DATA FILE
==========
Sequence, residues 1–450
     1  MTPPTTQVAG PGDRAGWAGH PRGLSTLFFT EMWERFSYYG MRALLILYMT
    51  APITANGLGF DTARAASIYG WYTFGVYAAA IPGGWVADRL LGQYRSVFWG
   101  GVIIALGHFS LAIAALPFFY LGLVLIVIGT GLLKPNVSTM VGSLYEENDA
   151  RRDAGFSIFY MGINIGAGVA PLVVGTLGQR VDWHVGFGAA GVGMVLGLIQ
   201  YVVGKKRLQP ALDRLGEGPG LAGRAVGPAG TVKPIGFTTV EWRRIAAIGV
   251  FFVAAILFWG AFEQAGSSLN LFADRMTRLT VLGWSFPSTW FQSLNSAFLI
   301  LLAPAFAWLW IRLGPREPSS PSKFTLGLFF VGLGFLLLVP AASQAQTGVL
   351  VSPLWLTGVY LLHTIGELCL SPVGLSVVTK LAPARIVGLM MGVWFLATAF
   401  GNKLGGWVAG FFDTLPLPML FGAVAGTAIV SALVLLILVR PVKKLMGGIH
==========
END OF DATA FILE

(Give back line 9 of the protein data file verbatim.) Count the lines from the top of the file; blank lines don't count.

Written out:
   351  VSPLWLTGVY LLHTIGELCL SPVGLSVVTK LAPARIVGLM MGVWFLATAF